Rap as bad as rape? – Spanish court case

Rap as bad as rape? – Spanish court case

Freedom of speech and freedom of press are basic fundamental rights for any democratic society, that’s something clearly stated in any democratic constitution. A good tool for measuring these basic rights is the 2018 World Press Freedom Index by Journalists Without Borders. In the index we can see how some of the biggest (in terms of population) European member states, such as United Kingdom, France and Spain, are not so well positioned.

This might come as a surprise to some but certainly not for civil society. Two very recent Spanish cases, in particular come to mind, the first being that of a rapper(s) (one of many) who has been sentenced to four years in prison for singing songs whose lyrics accused the crown of theft and also, apparently, promoted terrorist ideology. The prosecution initially demanded a much longer sentence. Regardless of the lyrics and the reality they reflect (the Spanish crown has had and continues to have many links with corrupt schemes) freedom of speech, especially in artistic expression, is a basic right. This is only one of many cases.  Recently a puppet theatre was also found guilty on similar grounds. This was bad enough but the most recent case is the most shocking.  A group of five men (including two police officers) who call themselves #laManada (the wolf pack) were accused of gang rape.  The men were on average ten years older than their victim who was 18 at the time. They had planned it beforehand, recorded it and commented on it. Yet the court and the mass media questioned the victim, arguing that she did not actively oppose them or that she did not seem too badly affected (a picture of her smiling few months after the event was enough to trigger this line of thought). Yesterday the sentence for this case was announced.  The court ruled that it was not rape but abuse. The perpetrators have been handed a nine-year sentence and will most certainly only serve half that. The sentence has created public outrage – obviously not portrayed by mass media – with hundreds of sporadic demonstrations in Spain.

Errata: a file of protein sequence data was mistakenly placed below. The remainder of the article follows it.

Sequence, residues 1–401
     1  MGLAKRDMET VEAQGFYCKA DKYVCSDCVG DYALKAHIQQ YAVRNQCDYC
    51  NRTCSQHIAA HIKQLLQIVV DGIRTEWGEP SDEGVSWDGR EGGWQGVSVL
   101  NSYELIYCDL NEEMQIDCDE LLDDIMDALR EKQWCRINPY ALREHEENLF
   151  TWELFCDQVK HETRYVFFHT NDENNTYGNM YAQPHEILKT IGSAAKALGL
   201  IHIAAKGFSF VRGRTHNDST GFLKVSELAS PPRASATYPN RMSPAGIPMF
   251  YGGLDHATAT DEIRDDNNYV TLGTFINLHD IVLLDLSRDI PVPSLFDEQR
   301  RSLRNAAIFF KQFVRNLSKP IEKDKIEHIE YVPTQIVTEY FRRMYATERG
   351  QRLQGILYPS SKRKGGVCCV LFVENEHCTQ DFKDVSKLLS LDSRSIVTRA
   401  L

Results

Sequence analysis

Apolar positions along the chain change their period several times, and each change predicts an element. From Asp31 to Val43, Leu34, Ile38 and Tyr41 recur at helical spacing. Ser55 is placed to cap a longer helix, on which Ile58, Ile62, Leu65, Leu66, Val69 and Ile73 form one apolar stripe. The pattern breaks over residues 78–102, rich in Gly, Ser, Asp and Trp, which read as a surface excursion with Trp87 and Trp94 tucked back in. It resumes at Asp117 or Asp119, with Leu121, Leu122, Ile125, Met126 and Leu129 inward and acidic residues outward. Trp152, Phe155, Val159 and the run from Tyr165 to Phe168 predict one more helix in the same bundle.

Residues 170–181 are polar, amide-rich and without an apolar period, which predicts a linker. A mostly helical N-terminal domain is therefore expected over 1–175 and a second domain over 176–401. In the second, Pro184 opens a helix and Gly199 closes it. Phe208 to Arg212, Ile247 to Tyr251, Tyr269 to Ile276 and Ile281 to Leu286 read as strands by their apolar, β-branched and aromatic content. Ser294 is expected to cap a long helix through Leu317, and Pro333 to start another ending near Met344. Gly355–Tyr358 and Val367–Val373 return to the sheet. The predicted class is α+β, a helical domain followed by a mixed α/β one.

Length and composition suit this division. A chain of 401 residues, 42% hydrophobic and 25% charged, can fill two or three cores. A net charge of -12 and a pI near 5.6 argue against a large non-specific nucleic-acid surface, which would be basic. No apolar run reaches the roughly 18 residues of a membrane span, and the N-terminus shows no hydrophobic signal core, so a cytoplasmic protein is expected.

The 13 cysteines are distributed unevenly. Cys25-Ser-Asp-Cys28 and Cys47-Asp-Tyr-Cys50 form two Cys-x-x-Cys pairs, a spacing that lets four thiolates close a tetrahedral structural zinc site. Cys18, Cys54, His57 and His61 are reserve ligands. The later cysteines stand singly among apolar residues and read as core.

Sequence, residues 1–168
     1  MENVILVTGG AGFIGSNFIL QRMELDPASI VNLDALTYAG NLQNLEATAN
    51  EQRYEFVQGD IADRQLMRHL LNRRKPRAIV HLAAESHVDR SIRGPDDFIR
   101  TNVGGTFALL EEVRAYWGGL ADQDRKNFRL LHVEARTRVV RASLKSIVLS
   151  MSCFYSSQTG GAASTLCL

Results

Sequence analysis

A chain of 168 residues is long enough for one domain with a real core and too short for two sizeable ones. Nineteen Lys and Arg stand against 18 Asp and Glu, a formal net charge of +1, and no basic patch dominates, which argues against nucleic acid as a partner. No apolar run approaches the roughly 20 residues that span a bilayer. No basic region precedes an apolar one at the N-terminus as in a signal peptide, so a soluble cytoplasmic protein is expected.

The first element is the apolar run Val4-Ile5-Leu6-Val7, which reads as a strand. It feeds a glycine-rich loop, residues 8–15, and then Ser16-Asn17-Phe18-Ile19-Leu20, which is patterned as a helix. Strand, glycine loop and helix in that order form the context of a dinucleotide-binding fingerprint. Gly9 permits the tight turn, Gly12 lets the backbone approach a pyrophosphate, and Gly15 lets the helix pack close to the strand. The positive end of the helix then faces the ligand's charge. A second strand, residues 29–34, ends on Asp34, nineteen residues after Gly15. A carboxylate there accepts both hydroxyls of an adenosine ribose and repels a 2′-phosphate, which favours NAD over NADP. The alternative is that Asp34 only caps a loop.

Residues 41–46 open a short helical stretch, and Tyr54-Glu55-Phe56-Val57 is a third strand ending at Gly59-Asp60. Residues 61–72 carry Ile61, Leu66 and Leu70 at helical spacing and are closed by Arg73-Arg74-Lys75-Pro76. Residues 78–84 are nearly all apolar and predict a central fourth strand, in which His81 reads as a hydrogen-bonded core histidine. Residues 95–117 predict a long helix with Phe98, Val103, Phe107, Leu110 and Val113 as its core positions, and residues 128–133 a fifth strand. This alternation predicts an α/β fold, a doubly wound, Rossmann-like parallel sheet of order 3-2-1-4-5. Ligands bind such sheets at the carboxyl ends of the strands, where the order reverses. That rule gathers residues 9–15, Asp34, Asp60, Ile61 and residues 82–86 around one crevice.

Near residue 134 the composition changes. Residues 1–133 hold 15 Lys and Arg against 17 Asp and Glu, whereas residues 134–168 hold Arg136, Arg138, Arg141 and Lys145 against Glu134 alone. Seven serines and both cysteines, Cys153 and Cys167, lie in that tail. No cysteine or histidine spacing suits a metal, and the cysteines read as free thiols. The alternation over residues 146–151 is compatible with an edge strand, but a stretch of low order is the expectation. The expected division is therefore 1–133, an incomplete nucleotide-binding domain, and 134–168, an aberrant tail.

Despite civil society’s active role and interest in these cases, few mass media channels have had open discussions on them and often they were used to justify the accusations. Which brings us back to the freedom of press and speech: these basic rights are often diminished by national laws or procedures and as Europeans, we must stand our ground to defend our basics rights that are part of our identity.

From SOLIDAR we believe the division of powers is a fundamental element for a healthy democratic society. The press has to have freedom and diversity and not be a tool for the state or judicial system to enforce their views.

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